Kenya says it will pull its peacekeepers from South Sudan, a day after the U.N. secretary-general fired the Kenyan general who is the force commander of the U.N. mission there.
An internal U.N. investigation blamed “a lack of leadership on the part of key senior mission personnel” for the chaotic and ineffective response to fighting that killed some 300 people in July in the South Sudanese capital, Juba.
On Tuesday, when those findings were released, the U.N. said it would “immediately replace” Lieutenant General Johnson Mogoa Kimani Ondieki of Kenya, the force commander of the U.N. mission in South Sudan, known as UNMISS.
Ban Ki-moon appointed Ondieki in May and he took up his post in mid-June. The violence that erupted around Juba’s presidential palace began on July 8.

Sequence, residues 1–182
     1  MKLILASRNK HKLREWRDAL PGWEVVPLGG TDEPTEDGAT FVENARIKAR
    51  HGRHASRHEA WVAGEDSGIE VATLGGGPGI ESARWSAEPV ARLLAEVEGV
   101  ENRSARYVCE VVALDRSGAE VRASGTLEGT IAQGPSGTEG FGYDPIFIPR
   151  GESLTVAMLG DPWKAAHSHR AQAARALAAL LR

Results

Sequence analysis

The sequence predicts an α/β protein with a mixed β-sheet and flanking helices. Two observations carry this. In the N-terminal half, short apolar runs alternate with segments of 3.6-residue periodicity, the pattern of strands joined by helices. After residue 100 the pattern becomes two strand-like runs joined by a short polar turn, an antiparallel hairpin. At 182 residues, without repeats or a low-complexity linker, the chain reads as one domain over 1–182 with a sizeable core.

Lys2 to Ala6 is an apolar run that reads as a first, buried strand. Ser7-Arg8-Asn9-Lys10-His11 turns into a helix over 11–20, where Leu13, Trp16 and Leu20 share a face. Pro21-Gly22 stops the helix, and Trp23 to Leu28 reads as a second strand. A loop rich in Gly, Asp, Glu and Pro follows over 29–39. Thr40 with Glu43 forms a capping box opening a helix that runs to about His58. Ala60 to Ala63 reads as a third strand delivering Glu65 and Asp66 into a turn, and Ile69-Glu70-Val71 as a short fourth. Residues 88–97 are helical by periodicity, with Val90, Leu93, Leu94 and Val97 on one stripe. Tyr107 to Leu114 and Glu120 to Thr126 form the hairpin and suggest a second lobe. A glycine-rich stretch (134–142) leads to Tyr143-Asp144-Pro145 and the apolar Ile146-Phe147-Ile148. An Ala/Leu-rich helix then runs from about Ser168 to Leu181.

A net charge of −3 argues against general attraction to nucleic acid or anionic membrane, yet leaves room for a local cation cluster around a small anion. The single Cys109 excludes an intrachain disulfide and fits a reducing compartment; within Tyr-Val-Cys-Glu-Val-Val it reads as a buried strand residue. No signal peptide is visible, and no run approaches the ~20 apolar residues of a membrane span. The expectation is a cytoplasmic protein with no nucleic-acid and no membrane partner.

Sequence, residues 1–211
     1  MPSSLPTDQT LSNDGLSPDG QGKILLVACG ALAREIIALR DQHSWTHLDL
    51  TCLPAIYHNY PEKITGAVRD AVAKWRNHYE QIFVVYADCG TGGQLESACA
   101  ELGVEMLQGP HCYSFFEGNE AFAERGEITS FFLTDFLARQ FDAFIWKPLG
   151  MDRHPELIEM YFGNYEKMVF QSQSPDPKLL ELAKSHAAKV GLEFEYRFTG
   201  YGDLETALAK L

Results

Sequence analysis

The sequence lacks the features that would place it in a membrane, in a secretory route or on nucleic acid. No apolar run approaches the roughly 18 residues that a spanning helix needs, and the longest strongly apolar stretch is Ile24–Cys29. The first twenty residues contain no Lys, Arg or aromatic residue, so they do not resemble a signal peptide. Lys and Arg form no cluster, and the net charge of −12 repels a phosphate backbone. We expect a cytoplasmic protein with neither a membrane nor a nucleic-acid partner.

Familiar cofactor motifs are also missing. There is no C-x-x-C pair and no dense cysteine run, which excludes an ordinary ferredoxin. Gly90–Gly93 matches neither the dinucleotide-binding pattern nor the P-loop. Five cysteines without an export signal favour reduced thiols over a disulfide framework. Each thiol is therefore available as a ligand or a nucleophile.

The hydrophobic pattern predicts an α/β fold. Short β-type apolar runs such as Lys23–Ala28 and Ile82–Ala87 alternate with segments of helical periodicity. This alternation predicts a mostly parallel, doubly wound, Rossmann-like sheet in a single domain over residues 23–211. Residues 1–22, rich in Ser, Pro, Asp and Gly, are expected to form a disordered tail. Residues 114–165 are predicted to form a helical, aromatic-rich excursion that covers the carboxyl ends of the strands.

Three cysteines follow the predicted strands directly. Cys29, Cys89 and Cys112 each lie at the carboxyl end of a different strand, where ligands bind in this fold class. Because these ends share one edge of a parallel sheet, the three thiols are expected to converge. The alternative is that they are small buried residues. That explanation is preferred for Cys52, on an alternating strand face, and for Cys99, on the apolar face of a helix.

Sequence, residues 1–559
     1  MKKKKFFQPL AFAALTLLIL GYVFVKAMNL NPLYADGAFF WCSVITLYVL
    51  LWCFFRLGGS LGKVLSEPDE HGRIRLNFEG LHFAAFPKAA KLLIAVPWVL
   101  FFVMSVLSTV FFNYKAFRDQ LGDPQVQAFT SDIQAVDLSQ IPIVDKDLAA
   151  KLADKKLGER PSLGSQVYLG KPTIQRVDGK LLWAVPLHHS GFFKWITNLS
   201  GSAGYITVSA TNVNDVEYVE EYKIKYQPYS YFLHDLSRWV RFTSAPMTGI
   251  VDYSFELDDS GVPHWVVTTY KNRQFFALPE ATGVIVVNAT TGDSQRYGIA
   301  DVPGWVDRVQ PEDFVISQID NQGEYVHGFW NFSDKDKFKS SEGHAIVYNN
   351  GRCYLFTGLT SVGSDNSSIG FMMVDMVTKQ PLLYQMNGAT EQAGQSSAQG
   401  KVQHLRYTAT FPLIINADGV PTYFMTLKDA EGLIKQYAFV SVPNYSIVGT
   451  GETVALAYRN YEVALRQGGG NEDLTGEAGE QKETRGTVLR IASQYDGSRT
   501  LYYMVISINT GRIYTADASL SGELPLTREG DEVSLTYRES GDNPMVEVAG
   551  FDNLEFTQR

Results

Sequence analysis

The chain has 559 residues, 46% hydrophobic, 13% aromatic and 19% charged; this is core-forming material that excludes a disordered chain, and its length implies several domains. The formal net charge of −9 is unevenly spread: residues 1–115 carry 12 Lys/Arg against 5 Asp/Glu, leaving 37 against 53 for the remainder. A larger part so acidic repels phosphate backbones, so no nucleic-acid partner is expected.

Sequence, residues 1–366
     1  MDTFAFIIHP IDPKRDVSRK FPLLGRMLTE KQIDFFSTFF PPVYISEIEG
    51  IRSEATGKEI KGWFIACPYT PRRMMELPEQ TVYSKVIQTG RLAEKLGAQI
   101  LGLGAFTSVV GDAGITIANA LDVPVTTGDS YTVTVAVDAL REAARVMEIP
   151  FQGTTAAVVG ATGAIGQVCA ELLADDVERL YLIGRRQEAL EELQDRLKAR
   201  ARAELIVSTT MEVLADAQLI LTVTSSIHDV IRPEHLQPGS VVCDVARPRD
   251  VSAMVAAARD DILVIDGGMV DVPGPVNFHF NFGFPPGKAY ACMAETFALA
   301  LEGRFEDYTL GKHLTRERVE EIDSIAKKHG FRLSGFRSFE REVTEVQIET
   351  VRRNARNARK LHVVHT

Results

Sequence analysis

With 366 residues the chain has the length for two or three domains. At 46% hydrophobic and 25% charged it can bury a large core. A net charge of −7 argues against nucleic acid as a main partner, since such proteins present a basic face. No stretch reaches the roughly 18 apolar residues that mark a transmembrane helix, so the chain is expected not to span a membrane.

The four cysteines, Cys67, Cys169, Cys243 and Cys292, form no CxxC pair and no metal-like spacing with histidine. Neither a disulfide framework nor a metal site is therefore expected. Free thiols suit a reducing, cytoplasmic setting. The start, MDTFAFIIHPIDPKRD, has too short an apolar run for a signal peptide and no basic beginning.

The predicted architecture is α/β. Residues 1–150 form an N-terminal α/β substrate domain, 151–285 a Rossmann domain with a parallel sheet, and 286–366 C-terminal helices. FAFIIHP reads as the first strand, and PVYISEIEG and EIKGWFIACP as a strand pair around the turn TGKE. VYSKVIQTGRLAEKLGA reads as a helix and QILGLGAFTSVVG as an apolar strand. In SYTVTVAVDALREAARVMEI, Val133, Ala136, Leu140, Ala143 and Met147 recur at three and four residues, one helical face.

In a statement Wednesday, Kenya’s foreign ministry rejected the general’s dismissal and the U.N.’s offer to nominate a replacement. The ministry said they would immediately withdraw all Kenyan troops serving in the U.N. mission in South Sudan — of which there are about 1,000.
Kenya also said it will discontinue plans to contribute troops to a Regional Protection Force in South Sudan and will disengage from the peace process.
U.N. Spokesman Stephane Dujarric said the U.N. has not yet received official notice from the Kenyan government, but said that their contribution to peacekeeping is “valued."
The deputy force commander, who is Chinese, is currently serving as interim commander. China also came in for criticism in the investigation, for the actions of one of its commanders and a battalion that at least twice abandoned its position protecting civilians in Juba.